Teaching is not a lost art, but the regard for it is a lost tradition. ~Jacques Barzun
This past summer I spent a lovely afternoon having lunch with my friend and former colleague Bill. As always happens when two kindergarten teachers get together our conversation drifted to the classroom. Bill talked about how current trends in education nationwide have made school more stressful for children and for teachers. Even in Bill’s school, where the administration understands the social and intellectual importance of explorative play, there is often not enough time for children to become involved with interesting projects that they can direct at their own pace. Bill spoke, with a wistful voice, of the last few weeks of school when the children were happily engaged in an investigation of bridges. He devoted long stretches of time each day to this interesting project and noticed that the children were working with more self-directed independence and that many yearlong social tensions seemed to dissipate.
Out of this discussion came Bill’s decision to begin the year with, what he hopes will be, an exciting, child-directed study of playgrounds. We both believed that this inquiry topic would ‘speak’ to all of the children in the class.
Bill (or Mr. Bill as the children call him) wrote to all of the families on his class list informing them of this project and encouraging the children to think about playgrounds during their summer vacation. So far, the email responses from parents indicate that they are mostly concerned that their children have fun, enjoy school and grow as a person. It certainly seems as though they will be eager to support and become involved with their children’s investigation into playgrounds.
I became quite excited about this project and asked Bill if I could ‘follow’ his children and him along this journey of exploration. Bill was intrigued with this idea and so, on my blog, we will be visiting Bill’s classroom and meeting with Bill to plan and reflect throughout the year.
During the week before school was to begin, Bill started getting the classroom set up. To support play and explorations, it was important to leave ample room for extensive block building and also for dramatic play, science and art. This became quite a challenge. I remembered so well wanting to stretch out the walls of my classroom, giving enough room for all my centers and maintaining a sense of space and openness.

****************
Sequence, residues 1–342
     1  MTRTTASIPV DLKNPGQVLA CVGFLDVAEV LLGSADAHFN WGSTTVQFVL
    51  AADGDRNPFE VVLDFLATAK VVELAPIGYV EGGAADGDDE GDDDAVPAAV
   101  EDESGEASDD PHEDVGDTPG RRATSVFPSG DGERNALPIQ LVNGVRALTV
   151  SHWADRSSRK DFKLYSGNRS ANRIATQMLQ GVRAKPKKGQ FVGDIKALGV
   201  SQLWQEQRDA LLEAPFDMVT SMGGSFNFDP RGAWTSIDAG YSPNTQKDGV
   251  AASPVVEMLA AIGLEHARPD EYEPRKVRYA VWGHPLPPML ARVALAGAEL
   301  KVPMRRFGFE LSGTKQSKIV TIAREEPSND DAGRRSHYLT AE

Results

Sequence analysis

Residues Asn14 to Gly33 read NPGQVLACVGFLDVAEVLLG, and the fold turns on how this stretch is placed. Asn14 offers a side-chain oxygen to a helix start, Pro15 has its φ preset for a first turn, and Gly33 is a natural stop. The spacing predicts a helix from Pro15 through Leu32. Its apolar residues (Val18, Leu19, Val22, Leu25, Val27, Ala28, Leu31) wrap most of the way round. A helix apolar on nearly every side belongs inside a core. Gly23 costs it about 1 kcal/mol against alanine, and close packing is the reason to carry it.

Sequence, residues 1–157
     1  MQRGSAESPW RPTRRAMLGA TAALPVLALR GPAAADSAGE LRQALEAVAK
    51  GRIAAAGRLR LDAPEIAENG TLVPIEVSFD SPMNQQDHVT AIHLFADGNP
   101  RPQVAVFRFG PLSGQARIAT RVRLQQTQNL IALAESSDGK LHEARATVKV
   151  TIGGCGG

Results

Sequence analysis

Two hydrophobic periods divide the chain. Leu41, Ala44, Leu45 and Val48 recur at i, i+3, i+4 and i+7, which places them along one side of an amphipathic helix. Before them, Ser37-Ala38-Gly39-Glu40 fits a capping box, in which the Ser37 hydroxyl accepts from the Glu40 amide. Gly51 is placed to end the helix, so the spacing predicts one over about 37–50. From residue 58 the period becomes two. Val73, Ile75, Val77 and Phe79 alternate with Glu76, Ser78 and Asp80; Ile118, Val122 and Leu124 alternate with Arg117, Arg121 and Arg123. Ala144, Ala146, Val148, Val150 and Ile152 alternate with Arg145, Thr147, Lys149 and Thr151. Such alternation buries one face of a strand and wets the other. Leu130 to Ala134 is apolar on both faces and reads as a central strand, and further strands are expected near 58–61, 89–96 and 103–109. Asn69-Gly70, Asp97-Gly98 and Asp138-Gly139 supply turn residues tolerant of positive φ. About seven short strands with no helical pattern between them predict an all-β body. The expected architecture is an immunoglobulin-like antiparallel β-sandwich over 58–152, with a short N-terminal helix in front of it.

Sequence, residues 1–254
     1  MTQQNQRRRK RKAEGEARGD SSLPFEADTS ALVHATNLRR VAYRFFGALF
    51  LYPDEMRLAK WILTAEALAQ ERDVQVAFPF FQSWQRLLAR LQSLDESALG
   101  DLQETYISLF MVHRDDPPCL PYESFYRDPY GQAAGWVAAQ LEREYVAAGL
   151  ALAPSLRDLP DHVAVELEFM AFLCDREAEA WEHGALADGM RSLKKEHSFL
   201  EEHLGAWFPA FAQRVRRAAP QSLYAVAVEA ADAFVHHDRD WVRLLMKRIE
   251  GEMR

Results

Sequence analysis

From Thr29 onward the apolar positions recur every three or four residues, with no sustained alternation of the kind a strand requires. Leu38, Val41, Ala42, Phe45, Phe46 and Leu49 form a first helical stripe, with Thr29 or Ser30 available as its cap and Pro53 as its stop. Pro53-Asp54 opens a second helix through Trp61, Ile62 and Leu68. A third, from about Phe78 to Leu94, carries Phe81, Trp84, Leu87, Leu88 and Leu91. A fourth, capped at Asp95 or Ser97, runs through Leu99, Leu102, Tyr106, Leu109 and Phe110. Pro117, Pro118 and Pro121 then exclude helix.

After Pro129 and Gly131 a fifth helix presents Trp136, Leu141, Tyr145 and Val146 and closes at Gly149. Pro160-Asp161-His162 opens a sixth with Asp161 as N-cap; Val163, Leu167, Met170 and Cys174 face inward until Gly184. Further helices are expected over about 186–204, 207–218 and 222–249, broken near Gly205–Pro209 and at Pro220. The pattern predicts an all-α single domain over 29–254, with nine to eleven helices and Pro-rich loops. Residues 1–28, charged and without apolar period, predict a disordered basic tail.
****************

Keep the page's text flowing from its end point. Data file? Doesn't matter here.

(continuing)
Bill decided that, instead of designating a separate classroom area for dramatic play (pretend play), he would use hollow blocks and prop baskets, keeping them stored in a corner of the classroom meeting area/library. That would give the children a lot of space for their play and also the ability to reinvent their ‘script’ each day. Doing this also created more area for a spacious block-building center. When I visited Bill, the day before school was to open, he was in the midst of getting ready for the children…. putting names around the room, setting up a cozy reading corner, hanging curtains, setting up his art center, and completing the myriad of details that will let the children know that this welcoming space is ready for them!
Wonderful! Love this post, and this idea. I’m so excited to get glimpses into the world of Mr. Bill’s classroom. What a great collaboration! Thanks.
Wonderful! Can’t wait to get glimpses into Mr. Bill’s classroom. What a great collaboration!
Wonderful to read the last two blogs, which I just caught up on. I love the creative use of space – using the rug area for dramatic play, with stored props. I think it will have an impact beyond center time, allowing children to act out stories for others in the class. I love the idea of studying emergency care – it’s all around us in the city, and we know that children are concerned about safety: so it strikes me as an extremely rich topic, with lots of room for exploration, writing, play-acting, etc.
I like your earlier note (June) on how children’s shared experiences, as they undertook social studies investigations, led to more/better writing.
I want to recommend to the teachers, as they think about/work on the playground study, a wonderful new book: Playing for Keeps, by Deborah Meier, Beth Engel, and Beth Taylor. It’s a good book for teachers to read and talk about…